Kentucky’s state and local governments will get about $4 billion from the federal coronavirus relief bill making its way through Congress, according to Gov. Andy Beshear’s administration. That’s in addition to the $5 billion individuals in Kentucky stand to get from stimulus checks, an extension of unemployment benefits and other programs.
The figures come as lawmakers are trying to put the finishing touches on a one-year state budget after a year of economic uncertainty caused by the coronavirus pandemic.
John Hicks, Kentucky’s state budget director, said the administration is still waiting for the relief package to pass and for formal instructions from the federal government.
“By the end of this week, we want to give some thought, some ideas on how these funds may be utilized here in Kentucky,” Hicks said.
As part of the relief package, individuals making up to $75,000 per year will receive $1,400 stimulus checks, people on unemployment will get an extra $300 per week, and the child tax credit will be temporarily expanded.
Hicks told budget writers on Tuesday the state government will receive $2.4 billion in aid, which can be used on coronavirus-specific needs like testing and vaccination programs, relief for businesses and individuals, and “premium pay” for essential workers—an additional $13 per hour.
The money can be used to replace lost tax revenue during the pandemic, but Hicks said Kentucky won’t have to because revenues have remained relatively stable.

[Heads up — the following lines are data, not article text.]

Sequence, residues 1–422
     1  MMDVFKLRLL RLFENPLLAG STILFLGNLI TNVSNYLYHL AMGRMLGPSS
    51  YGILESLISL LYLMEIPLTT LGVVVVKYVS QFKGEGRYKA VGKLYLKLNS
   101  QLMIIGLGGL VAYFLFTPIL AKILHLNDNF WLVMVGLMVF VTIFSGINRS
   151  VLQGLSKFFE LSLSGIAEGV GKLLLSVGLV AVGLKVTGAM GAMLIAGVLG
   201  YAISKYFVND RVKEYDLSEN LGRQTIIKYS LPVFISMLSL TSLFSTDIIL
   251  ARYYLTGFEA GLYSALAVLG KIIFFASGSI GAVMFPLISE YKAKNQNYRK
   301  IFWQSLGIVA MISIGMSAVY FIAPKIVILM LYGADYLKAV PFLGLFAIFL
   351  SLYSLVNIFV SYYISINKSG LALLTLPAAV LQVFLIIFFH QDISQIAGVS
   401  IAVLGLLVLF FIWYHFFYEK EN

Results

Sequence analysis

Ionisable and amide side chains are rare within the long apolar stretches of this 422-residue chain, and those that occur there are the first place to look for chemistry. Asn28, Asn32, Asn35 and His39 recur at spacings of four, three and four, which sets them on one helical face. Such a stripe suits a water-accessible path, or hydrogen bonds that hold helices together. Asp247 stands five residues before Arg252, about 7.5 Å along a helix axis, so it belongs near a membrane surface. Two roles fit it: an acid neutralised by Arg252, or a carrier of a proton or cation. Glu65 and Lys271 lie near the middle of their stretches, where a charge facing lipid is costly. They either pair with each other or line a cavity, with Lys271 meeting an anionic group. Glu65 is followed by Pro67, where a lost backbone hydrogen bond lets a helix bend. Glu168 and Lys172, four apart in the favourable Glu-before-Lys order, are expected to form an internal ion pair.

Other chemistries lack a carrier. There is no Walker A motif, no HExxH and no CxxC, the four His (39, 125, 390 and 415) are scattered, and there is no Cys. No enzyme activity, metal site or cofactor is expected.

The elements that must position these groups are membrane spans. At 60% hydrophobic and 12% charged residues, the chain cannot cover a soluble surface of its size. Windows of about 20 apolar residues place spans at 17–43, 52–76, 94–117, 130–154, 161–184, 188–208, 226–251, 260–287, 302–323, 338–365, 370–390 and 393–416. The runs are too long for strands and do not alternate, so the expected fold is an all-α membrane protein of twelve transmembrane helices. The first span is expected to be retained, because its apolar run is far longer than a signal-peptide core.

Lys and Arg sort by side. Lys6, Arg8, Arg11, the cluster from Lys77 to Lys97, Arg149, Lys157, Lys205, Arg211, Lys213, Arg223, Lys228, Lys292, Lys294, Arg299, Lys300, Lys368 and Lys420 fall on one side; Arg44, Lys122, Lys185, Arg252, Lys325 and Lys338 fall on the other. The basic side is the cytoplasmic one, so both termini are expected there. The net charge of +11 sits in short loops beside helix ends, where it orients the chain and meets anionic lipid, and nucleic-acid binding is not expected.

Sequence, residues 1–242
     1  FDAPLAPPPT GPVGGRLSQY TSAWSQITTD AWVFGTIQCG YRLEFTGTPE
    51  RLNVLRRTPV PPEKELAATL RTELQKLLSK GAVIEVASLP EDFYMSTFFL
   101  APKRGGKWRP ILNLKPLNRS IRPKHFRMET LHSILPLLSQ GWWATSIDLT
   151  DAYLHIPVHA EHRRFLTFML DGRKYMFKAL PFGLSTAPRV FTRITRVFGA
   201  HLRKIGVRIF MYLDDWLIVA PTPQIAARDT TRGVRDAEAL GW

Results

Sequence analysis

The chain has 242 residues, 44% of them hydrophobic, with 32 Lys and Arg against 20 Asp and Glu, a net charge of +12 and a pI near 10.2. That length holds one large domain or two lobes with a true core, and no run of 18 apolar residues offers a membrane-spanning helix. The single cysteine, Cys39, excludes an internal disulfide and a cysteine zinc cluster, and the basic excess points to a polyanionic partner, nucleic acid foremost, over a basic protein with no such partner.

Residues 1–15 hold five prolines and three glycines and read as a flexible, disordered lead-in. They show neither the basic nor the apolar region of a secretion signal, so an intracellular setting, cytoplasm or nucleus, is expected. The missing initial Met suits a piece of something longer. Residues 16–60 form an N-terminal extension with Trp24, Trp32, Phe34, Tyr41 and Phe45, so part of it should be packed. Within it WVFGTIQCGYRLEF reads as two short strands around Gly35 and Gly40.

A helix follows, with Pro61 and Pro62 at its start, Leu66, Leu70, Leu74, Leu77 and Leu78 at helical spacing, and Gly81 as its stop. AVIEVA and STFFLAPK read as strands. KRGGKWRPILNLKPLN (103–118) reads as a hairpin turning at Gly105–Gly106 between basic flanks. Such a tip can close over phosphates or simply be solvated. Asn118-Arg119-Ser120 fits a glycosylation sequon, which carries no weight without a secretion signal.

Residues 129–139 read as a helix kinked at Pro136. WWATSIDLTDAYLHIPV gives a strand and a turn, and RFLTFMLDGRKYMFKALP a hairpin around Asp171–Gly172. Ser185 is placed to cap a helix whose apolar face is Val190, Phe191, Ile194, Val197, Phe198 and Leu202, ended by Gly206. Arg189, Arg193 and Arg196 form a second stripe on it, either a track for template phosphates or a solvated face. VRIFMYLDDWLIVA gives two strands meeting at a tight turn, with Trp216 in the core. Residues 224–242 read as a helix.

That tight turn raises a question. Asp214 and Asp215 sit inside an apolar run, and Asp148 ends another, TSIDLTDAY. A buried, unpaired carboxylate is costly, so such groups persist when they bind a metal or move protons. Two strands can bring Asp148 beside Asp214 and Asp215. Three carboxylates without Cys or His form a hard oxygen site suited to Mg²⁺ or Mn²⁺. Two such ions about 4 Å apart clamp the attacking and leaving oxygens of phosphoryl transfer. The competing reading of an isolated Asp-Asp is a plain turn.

Another part of the package allows the state to use the funds to shore up water, sewer and broadband infrastructure.
Senate President Robert Stivers, a Republican from Manchester, said the federal package overlaps with state budget priorities, and lawmakers need more specific figures as they write the spending plan.
“You’re saying by the end of the week,” Stivers said. “I’m asking, can you get it quicker?”
Stivers said he was unsure whether the funds could be put toward a $250 million bill that seeks to boost broadband access in under-served communities.
Leaders of the Republican-led legislature are trying to pass a budget by March 17, the beginning of a 10-day period during which Beshear can sign or veto bills.
That would allow lawmakers to return for the final two days of the legislative session to override any vetoes Beshear issues to the budget.
Sen. David Givens, a Republican from Greensburg, said lawmakers were excited but anxious about the influx of money.
“We want to be wise, we want to be prudent, we want to be thoughtful, but the natural deadlines of the budget is going to cause us to make decisions,” Givens said.
Local governments in Kentucky will receive $1.6 billion as part of the package, and K-12 school districts will receive a separate chunk of money that hasn’t been determined yet.